The modern era brought many new challenges to Christianity. Growing out of the enlightenment, deists rejected the God the bible in favor of a god who was a divine clockmaker who had no interaction with the world, this challenge was ably answered by apologists such as Joseph Butler and William Palley. Another modern attack on Christianity came in the form of the radical skepticism of David Hume which claimed that nothing was knowable with certainty. This view was answered by Christian philosopher Thomas Reid who formulated “Common Sense Philosophy” (although not an apologist in the strictest sense).
In the post modern era in which we live, there have been a number of new apologetic challenges put to the church. Perhaps the greatest is the post modern assault on certainty. Essentially it claims that all truth claims are invalid and thus equally valid. A corollary to this is the threat of religious pluralism, which essentially says all religions are equally valid. This is an area of where much apologetic work still needs to be done, evaluating and refuting the world views of all of the various religions. This post modern era has also brought the challenges of the new atheist movement, which not only denies the existence of God, but makes radical truth claims about the impossibility of God and is virulently anti-Christian.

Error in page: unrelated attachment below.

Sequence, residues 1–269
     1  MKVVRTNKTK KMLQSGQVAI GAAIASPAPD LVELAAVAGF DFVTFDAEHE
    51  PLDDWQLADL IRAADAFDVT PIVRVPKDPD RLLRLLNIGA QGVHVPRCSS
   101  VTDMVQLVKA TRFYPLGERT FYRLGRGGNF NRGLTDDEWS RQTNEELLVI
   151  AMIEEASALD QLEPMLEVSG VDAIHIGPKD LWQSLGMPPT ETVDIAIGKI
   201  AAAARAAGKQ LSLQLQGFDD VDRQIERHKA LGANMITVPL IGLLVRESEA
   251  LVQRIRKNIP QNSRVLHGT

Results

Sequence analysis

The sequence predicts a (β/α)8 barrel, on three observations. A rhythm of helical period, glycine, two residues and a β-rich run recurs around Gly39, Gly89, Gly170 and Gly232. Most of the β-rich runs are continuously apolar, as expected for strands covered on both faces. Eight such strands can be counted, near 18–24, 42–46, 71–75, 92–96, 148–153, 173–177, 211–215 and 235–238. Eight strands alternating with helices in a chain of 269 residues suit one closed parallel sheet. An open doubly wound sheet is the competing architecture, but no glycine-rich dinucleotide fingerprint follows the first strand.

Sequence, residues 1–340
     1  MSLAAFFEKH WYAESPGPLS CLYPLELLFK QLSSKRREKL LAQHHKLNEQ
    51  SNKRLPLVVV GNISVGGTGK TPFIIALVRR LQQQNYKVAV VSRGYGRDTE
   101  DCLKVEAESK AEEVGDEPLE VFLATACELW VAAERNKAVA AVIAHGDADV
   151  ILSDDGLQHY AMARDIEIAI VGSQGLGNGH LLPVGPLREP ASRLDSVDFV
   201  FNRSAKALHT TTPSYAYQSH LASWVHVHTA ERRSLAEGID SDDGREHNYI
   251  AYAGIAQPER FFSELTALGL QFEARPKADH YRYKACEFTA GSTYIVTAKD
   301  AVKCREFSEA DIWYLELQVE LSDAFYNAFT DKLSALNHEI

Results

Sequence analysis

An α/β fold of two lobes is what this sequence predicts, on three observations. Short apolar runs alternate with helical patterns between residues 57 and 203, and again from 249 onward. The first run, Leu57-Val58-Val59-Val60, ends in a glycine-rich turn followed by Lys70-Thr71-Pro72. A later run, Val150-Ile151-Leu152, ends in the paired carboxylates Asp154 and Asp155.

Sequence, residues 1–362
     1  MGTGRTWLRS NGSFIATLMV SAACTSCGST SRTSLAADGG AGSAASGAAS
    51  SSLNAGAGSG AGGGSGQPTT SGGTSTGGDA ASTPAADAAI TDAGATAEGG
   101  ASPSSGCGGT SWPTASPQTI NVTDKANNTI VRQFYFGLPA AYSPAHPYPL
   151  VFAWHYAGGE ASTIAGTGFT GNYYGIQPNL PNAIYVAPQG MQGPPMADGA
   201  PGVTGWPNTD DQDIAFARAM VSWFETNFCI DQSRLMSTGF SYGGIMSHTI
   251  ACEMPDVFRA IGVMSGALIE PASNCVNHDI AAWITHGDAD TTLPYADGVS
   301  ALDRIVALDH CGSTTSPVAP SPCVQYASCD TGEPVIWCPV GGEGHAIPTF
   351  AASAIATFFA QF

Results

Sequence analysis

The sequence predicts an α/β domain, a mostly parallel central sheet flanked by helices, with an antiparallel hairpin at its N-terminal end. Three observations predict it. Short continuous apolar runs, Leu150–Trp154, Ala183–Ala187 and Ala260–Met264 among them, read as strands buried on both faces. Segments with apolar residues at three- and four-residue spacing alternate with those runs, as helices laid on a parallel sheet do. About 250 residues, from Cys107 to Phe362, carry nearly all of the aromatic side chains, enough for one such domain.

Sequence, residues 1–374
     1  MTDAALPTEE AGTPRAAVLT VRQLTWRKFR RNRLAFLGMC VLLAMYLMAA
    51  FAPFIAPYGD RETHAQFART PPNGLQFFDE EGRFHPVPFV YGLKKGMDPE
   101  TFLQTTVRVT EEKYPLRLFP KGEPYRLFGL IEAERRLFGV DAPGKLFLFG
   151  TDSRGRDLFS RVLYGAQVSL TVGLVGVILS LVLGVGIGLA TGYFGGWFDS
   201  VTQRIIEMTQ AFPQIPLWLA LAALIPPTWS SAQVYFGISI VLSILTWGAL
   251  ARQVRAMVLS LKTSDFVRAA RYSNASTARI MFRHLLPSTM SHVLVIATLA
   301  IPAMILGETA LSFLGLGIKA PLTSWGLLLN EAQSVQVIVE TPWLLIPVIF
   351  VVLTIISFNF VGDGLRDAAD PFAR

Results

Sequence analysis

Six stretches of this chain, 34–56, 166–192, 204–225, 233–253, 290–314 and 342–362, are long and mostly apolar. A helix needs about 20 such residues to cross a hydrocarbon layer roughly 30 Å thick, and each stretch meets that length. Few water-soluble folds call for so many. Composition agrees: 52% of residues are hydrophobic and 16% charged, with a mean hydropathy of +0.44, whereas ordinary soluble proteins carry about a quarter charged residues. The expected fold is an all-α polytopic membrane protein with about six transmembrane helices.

Challenges to the Faith have always been with us and will continue to be articulated by the enemies of the gospel until the Lord Returns. As believers we should be keenly aware that while our times may be unique in the particular attacks on the gospel that come at us, we stand in a long line of believers that have had to give an answer for the hope that is in us.
Up Next: What does the bible say about apologetics?